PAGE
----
It’s time to celebrate the app store. Not just Apple’s App Store, but Google Play too. They are digital toy shops, full of wonders and joy, available to everyone who walks through the virtual door. When you’re inside you feel safe and secure, everything is in place for you to quickly pay for all your new things, so you walk away happy and satisfied.
App stores are the lifeblood of our smartphones, and trust me — you don’t want to know what it would be like without them. But let’s imagine it for a moment because there has been a lot of noise over the past few days about app stores being bad places. Don’t listen, because this is only true if you’re a billionaire wanting to become, er, more of a billionaire.
Confidence and convenience
When you download an app on your iPhone you visit the App Store. The apps inside are current, curated, and — best of all — safe. You pay using Apple’s payment platform, using credentials that are securely stored and encrypted, and authorized using your face or fingerprint. Like me, you probably don’t think twice about doing it, just as you don’t worry whether the app you’re downloading is genuine or not.
When it’s time to update the app it happens in the background, and if you want to cancel a subscription you know exactly where to find the option. If you have an Android phone you do all this through Google Play, and although you could do it through the separately installed Amazon App Store, Samsung’s Galaxy Store, or one of the various other third-party
The reason you don’t is the convenience, trust, and confidence in the primary platform, and it’s these reasons developers clamor to get their apps inside these two massive stores. Removing any and all barriers between the app and our phone is essential because it can lead to untold riches if the app becomes a success. To gain entry, the developer agrees to pay Apple, Google, Samsung, and Amazon a certain percentage of the money it earns. These service fees (all are 30% for apps that make over $1 million annually) are the cost of doing business in the app store and are a bit like merchant fees for credit cards, eBay’s cut of a sale, or the amount Uber takes from a fare.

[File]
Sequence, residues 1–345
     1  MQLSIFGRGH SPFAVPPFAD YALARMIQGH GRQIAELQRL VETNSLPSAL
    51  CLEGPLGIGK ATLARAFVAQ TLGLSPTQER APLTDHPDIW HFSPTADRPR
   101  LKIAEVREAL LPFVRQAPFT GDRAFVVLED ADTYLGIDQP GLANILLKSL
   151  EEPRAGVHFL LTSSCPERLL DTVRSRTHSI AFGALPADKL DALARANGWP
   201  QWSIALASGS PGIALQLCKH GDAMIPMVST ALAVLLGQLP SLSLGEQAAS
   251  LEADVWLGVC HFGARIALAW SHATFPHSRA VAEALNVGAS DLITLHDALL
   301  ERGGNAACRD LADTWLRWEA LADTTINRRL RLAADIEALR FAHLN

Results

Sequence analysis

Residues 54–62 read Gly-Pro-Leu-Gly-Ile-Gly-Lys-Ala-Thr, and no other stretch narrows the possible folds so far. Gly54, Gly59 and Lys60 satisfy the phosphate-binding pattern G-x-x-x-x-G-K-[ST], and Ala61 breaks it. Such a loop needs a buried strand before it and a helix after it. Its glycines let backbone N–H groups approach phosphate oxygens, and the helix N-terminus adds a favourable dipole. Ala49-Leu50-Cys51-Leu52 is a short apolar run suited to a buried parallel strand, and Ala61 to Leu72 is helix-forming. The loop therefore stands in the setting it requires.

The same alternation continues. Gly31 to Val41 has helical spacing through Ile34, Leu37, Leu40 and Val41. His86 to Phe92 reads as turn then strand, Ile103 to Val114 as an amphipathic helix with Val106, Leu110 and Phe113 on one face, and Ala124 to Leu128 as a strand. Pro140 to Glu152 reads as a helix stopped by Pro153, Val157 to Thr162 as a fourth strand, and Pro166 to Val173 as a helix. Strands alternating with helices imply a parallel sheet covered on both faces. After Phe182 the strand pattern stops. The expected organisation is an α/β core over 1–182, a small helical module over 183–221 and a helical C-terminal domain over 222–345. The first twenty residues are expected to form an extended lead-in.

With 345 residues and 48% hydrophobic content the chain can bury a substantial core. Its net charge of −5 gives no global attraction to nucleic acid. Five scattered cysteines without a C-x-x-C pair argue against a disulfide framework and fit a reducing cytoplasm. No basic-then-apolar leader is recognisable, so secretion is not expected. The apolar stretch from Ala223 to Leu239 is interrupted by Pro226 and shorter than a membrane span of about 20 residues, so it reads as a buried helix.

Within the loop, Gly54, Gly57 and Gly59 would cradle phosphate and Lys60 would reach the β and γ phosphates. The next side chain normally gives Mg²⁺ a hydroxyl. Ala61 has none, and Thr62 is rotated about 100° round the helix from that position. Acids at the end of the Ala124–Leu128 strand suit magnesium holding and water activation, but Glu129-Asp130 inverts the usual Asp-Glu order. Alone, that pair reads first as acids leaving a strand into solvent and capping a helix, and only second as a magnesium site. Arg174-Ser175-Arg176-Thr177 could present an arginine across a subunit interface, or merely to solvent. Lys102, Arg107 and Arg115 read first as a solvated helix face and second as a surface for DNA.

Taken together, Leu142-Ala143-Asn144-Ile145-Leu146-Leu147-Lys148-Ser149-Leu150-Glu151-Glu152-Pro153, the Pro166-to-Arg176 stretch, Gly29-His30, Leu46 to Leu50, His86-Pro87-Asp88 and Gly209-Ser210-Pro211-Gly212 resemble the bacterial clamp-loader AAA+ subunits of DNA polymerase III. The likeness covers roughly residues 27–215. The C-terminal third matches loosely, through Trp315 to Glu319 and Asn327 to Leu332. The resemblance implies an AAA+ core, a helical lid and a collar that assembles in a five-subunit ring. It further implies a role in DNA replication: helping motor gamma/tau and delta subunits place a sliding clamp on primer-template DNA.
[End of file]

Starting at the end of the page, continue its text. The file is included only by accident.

Life outside an app store
Safety, convenience, accessibility, confidence, and speed. Those are some of the prime reasons we use the App Store and Google Play. These are likely the same reasons someone may subscribe to Spotify. It’s by far the world’s most used streaming music service, it has pretty much any song you may want to hear, and the app is well-designed and easily accessible through the aforementioned app stores.
Now, what if these app stores weren’t there, or the app you wanted wasn’t available inside the store? Huawei knows what happens next because, since being locked out of accessing Google Mobile Services, it has been busily building its own app store and mobile service ecosystem. You can try it out on any modern Huawei phone. Except if you’re in the U.S., that is, because you can’t buy one. So much for being given a choice, but I digress.